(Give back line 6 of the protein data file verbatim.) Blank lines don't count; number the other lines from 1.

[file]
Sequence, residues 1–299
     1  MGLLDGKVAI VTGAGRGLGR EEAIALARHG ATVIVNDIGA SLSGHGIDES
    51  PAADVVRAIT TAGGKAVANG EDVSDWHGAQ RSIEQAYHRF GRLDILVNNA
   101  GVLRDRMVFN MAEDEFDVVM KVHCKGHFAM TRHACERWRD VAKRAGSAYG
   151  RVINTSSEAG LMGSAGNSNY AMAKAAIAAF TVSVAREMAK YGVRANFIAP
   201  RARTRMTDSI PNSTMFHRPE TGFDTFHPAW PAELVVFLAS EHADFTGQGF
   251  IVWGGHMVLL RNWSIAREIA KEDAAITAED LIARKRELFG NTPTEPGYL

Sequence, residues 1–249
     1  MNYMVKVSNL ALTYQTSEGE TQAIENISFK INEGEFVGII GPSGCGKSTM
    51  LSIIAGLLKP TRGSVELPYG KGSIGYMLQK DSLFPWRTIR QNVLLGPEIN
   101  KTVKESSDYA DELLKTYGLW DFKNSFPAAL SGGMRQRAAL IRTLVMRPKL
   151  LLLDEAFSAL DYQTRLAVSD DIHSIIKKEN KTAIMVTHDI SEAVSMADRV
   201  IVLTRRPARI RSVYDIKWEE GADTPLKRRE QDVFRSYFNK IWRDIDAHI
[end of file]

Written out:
   201  RARTRMTDSI PNSTMFHRPE TGFDTFHPAW PAELVVFLAS EHADFTGQGF